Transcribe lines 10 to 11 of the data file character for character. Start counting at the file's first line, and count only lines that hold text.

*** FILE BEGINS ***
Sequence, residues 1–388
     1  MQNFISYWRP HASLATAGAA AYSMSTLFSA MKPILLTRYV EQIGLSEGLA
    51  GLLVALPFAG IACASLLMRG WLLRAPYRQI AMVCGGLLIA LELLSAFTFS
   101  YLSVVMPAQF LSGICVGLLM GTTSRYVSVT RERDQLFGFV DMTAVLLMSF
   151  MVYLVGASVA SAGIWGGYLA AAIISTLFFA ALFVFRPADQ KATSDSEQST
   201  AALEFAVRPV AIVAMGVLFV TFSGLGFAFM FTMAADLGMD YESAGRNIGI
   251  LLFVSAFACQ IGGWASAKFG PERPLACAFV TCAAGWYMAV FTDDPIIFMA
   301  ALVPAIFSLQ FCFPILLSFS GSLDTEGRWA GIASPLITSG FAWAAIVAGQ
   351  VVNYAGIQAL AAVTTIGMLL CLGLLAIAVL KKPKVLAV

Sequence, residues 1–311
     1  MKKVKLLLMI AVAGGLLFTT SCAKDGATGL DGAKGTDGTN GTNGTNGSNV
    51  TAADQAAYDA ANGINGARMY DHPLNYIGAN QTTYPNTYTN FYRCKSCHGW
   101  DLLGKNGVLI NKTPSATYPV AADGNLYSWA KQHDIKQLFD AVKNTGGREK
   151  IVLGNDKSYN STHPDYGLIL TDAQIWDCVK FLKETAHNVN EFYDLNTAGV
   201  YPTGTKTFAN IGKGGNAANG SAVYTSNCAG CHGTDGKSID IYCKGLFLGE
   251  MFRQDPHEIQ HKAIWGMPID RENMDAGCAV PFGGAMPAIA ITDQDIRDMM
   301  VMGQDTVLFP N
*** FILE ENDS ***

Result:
Sequence, residues 1–311
     1  MKKVKLLLMI AVAGGLLFTT SCAKDGATGL DGAKGTDGTN GTNGTNGSNV